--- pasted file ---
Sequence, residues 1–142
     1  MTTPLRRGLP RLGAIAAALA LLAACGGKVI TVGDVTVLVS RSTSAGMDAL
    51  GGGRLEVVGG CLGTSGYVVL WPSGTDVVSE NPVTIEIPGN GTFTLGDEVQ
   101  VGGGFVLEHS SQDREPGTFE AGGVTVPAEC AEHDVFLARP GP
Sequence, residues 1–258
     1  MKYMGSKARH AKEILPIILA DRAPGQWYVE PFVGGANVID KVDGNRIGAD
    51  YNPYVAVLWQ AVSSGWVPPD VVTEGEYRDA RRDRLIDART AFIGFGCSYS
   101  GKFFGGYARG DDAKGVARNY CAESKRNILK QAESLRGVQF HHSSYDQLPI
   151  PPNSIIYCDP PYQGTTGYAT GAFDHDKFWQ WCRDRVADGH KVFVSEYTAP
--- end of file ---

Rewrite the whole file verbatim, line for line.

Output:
Sequence, residues 1–142
     1  MTTPLRRGLP RLGAIAAALA LLAACGGKVI TVGDVTVLVS RSTSAGMDAL
    51  GGGRLEVVGG CLGTSGYVVL WPSGTDVVSE NPVTIEIPGN GTFTLGDEVQ
   101  VGGGFVLEHS SQDREPGTFE AGGVTVPAEC AEHDVFLARP GP
Sequence, residues 1–258
     1  MKYMGSKARH AKEILPIILA DRAPGQWYVE PFVGGANVID KVDGNRIGAD
    51  YNPYVAVLWQ AVSSGWVPPD VVTEGEYRDA RRDRLIDART AFIGFGCSYS
   101  GKFFGGYARG DDAKGVARNY CAESKRNILK QAESLRGVQF HHSSYDQLPI
   151  PPNSIIYCDP PYQGTTGYAT GAFDHDKFWQ WCRDRVADGH KVFVSEYTAP